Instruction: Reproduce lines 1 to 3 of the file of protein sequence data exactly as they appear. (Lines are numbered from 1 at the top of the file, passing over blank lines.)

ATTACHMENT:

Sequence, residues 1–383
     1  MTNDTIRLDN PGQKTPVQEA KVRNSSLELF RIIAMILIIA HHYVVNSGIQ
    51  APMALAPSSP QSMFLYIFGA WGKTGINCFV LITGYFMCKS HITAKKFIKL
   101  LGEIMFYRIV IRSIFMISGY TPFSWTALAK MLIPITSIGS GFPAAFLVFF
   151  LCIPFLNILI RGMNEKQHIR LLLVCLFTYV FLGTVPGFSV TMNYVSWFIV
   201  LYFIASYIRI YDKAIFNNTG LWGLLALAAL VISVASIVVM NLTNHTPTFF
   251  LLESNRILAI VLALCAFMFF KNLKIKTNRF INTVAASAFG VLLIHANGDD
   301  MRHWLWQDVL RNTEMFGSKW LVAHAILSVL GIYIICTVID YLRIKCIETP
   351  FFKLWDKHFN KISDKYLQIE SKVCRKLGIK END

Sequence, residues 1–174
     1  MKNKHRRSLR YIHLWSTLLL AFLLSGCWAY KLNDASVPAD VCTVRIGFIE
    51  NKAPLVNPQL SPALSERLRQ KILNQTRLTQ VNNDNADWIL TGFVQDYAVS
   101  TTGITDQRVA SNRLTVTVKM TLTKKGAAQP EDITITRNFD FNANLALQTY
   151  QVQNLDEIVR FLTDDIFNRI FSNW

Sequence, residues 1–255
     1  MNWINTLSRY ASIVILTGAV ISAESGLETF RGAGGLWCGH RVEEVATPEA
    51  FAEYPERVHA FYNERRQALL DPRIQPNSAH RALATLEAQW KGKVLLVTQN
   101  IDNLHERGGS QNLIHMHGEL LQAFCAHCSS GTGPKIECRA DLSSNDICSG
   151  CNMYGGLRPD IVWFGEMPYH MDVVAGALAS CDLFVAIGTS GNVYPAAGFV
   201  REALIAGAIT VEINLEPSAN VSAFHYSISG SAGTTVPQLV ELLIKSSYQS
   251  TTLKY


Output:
Sequence, residues 1–383
     1  MTNDTIRLDN PGQKTPVQEA KVRNSSLELF RIIAMILIIA HHYVVNSGIQ
    51  APMALAPSSP QSMFLYIFGA WGKTGINCFV LITGYFMCKS HITAKKFIKL